Middle East respiratory syndrome coronavirus (MERS-CoV): update on cases- 20th May 2013
The Ministry of Health in Saudi Arabia has informed WHO of an additional laboratory-confirmed case with infection of the Middle East respiratory syndrome coronavirus (MERS-CoV).
The patient was identified as part of the ongoing investigation into an outbreak that began in a health care facility since the beginning of April 2013. She was in the same health care facility previously identified as the focus of this outbreak, from 8 to 28 April 2013. To date, a total of 22 patients including nine deaths, have been reported from this outbreak in the Eastern part of Saudi Arabia. The government is conducting ongoing investigation into the outbreak.
From September 2012 to date, WHO has been informed of a global total of 41 laboratory-confirmed cases of infection with MERS-CoV, including 20 deaths. Several countries in the Middle East have been affected, including Jordan, Qatar, Saudi Arabia, and the United Arab Emirates (UAE). Cases have also been reported by three countries in Europe: France, Germany, and the United Kingdom. All of the European cases have had a direct or indirect connection to the Middle East, including two cases with recent travel history from the UAE. In France and the United Kingdom, there has been limited local transmission among close contacts who had not been to the Middle East but had been in contact with a traveller who recently returned from the Middle East.
On May 17th the European Centre for Disease Prevention and Control issued an updated rapid risk assessment on MERS-CoV.
Based on the current situation and available information, WHO encourages all Member States to continue their surveillance for severe acute respiratory infections (SARI) and to carefully review any unusual patterns. Testing for MERS-CoV should be considered in patients with unexplained pneumonias, or in patients with unexplained severe, progressive illness or complicated respiratory illness not responding to treatment, particularly in persons travelling from or resident in areas of the world known to be affected.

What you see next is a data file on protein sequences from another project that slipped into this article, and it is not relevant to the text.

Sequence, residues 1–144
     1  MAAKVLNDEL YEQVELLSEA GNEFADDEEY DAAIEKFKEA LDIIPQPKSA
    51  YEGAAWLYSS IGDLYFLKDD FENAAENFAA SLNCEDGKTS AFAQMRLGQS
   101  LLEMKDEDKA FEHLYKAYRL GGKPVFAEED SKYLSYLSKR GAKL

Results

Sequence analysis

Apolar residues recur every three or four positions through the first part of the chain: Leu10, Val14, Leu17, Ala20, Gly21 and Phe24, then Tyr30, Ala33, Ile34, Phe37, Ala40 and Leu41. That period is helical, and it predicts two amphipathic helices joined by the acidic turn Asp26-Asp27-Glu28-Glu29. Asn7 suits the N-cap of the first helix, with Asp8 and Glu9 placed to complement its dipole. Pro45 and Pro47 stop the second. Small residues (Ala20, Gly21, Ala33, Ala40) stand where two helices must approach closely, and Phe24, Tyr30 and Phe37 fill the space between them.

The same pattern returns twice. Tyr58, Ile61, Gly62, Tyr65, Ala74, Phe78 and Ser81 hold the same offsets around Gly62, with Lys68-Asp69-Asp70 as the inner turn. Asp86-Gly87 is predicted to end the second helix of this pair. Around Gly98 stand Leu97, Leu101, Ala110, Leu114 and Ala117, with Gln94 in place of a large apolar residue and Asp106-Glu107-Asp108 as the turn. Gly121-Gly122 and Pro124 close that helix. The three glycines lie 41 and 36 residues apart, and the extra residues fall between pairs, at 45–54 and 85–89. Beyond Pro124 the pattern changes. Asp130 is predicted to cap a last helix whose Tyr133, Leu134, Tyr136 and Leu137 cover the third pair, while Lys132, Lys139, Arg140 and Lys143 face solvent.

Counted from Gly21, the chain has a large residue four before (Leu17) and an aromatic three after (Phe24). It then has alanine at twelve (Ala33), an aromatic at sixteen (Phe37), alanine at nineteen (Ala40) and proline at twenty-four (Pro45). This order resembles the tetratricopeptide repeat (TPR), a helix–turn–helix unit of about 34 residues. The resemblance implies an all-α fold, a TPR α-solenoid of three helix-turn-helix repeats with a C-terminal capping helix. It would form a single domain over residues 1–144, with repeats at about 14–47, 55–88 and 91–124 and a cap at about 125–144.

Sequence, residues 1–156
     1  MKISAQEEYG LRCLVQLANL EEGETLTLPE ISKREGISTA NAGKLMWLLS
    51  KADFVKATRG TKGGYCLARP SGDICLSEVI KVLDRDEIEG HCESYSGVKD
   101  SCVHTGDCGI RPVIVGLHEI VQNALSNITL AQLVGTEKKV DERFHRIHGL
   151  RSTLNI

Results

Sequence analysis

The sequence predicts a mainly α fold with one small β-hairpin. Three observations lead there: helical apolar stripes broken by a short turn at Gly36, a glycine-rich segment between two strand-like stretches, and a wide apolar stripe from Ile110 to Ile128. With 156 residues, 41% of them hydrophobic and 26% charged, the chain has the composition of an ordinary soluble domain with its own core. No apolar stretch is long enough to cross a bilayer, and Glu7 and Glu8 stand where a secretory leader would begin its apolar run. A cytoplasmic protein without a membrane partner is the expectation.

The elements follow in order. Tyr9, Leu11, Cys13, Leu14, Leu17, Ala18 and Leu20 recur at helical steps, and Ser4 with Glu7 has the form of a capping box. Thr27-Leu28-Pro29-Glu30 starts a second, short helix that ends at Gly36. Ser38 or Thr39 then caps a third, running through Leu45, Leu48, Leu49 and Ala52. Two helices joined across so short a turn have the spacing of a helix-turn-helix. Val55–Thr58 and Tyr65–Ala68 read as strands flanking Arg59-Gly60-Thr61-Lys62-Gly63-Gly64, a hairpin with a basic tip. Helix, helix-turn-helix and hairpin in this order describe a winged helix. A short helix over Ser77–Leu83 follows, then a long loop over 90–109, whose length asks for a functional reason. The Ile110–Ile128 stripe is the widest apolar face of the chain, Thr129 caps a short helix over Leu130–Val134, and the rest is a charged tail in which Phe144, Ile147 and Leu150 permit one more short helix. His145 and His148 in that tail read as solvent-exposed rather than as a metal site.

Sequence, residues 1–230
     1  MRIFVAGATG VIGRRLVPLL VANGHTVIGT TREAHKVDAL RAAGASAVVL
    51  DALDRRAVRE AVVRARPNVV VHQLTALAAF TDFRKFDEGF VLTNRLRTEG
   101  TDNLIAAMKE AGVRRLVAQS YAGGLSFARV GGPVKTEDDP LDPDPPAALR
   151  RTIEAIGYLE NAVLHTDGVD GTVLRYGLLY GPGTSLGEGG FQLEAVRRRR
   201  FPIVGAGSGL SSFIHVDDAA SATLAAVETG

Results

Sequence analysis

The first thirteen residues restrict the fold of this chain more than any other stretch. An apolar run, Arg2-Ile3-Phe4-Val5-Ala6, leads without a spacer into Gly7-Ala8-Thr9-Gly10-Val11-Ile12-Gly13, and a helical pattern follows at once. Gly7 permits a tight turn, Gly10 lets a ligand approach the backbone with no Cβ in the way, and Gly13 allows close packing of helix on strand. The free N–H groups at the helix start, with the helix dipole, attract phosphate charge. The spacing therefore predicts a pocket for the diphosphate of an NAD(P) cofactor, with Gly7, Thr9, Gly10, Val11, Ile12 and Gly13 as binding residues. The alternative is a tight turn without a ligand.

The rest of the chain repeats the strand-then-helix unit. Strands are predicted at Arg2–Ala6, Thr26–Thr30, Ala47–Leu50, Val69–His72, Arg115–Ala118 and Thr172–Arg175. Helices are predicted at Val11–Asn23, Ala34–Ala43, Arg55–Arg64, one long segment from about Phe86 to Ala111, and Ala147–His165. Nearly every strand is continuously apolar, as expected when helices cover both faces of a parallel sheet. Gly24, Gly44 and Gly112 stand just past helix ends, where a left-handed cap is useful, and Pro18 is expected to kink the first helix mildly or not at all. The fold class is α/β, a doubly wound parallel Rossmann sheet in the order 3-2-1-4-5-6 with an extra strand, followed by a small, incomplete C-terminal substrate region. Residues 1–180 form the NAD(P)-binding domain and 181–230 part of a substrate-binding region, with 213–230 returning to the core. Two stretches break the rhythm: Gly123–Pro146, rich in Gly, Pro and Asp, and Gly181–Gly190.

Health care facilities that provide care for patients with suspected MERS-CoV infection should take appropriate measures to decrease the risk of transmission of the virus to other patients, health care workers and visitors. Health care facilities are reminded of the importance of systematic implementation of infection prevention and control (IPC) measures.
Specimens from patients’ lower respiratory tracts should be obtained for diagnosis where possible. Clinicians are reminded that MERS-CoV infection should be considered even with atypical signs and symptoms in patients who are significantly immunocompromised.
Any clusters of SARI or SARI in healthcare workers should be thoroughly investigated, regardless of where in the world they occur.
New cases and clusters of MERS-CoV should be promptly reported to local Departments of Public Health.
WHO does not advise special screening at points of entry with regard to this event nor does it recommend that any travel or trade restrictions be applied.
WHO continues to monitor the situation closely.
For more information see http://www.hpsc.ie/hpsc/A-Z/Respiratory/CoronavirusInfections/
Health Protection Agency UK
World Health Organization
World Health Organization-Europe
European Centre for Disease Prevention and Control